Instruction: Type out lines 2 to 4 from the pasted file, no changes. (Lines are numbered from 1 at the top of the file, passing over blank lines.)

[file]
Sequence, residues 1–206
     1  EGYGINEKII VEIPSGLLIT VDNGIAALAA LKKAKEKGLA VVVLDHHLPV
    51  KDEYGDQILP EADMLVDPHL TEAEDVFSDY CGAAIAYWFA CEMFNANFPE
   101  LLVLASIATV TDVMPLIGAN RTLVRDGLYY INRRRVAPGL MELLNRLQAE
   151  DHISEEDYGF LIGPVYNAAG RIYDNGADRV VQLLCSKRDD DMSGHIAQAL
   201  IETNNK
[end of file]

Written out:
     1  EGYGINEKII VEIPSGLLIT VDNGIAALAA LKKAKEKGLA VVVLDHHLPV
    51  KDEYGDQILP EADMLVDPHL TEAEDVFSDY CGAAIAYWFA CEMFNANFPE
   101  LLVLASIATV TDVMPLIGAN RTLVRDGLYY INRRRVAPGL MELLNRLQAE